Maria Susana Rueda Altez, M.D., was selected as junior section president-elect for the Society for Pediatric Research (SPR). During her tenure, Dr. Rueda Altez will ensure more trainees benefit from networking opportunities and leverage her online communications experience to increase awareness, membership and participation in SPR among students, residents and fellows.
The president of the junior section is a fellow who is elected by other junior member peers and is in-charge of managing and enhancing the junior section, by participating in SPR council meetings, promoting membership among trainees and reinforcing the pipeline from junior to active members.
“I am so honored, not only as a Peruvian physician, but as an international medical graduate (IMG), to have been elected for this position,” said Dr. Rueda Altez. “As an IMG, there are special challenges to conducting research, so I plan to raise awareness and provide support to my fellow IMG junior members.”
To Beth A. Tarini, M.D., M.S., SPR president and associate director for the Center for Translational Research at Children’s National Hospital, it is an honor for the hospital to have representatives in the roles of SPR president and SPR junior section president-elect simultaneously.
Dr. Rueda Altez added that there is an urgent need for increased funding in pediatric research, especially for minority and health disparities research. Through her participation in SPR, she will also have the opportunity to advocate for increases in child health research funding.
“I encourage all the trainees and junior faculty in our institution to join the SPR junior section,” said Dr. Rueda Altez. “It provides wonderful resources for career development and guidance, grant writing courses and invaluable mentorship.”
Her research interest is newborn infections, and her overall goal is to reduce the unnecessary use of antibiotics in this population.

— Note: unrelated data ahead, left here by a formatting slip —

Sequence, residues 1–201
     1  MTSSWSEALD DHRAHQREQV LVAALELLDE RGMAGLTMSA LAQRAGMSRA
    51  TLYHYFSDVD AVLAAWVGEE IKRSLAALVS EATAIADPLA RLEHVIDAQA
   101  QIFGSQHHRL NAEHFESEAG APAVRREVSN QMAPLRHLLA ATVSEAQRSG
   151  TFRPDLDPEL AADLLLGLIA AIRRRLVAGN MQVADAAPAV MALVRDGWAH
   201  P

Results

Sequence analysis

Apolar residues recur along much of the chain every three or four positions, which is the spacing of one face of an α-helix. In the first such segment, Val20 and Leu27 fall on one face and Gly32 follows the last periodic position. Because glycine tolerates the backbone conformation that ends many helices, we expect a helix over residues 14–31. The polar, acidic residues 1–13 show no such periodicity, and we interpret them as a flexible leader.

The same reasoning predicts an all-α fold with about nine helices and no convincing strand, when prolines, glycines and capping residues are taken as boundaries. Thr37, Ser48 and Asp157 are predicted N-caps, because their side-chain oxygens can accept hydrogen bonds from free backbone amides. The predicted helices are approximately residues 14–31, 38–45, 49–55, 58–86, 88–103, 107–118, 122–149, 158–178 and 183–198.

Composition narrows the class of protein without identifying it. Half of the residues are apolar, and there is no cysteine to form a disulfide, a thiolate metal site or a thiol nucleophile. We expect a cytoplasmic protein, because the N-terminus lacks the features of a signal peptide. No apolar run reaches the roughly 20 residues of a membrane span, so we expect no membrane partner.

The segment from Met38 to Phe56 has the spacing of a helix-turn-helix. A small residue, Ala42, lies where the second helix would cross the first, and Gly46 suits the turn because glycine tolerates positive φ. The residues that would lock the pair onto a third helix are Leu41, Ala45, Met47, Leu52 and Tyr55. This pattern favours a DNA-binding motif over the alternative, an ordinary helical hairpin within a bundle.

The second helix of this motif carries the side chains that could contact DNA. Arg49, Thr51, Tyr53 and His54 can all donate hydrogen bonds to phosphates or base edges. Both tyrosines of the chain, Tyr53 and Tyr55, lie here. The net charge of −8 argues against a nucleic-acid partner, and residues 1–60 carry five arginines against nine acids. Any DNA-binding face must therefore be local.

“I am currently working on a quality improvement project to reduce the number of days NICU infants are exposed to antibiotics,” said Dr. Rueda Altez. “I have developed a project to ascertain the utility of microbial cell-free DNA next generation sequencing, a novel microbiologic diagnostic tool, for the diagnosis of neonatal infections.”
Dr. Rueda Altez’s work on neonatal sepsis will help scientists better distinguish between neonates who do and don’t have serious bacterial infections.
“Right now, when in doubt we tend to treat it as bacterial infections, which can lead to unnecessary medical treatment and worsen resistance to antibiotics,” said Tarini.
Dr. Rueda Altez also serves as an independent reviewer of investigational manuscripts for The Journal of Pediatrics and Pediatrics and guest editor for The Journal of Pediatrics. Her passion for the peer-review process also shows in her long list of published research.
Dr. Tarini also foresees multiple research trends in the next five years that might appear in peer-reviewed publications.
“We have so much to tackle in child health research, both ongoing and new challenges,” said Dr. Tarini. “Some issues that come to mind are the mental health crisis in children and teens, continuing to make strides on treating and preventing childhood obesity, the effect of poverty on children’s health, and the pandemic’s effect on all of these issues and its direct effect on health outcomes.”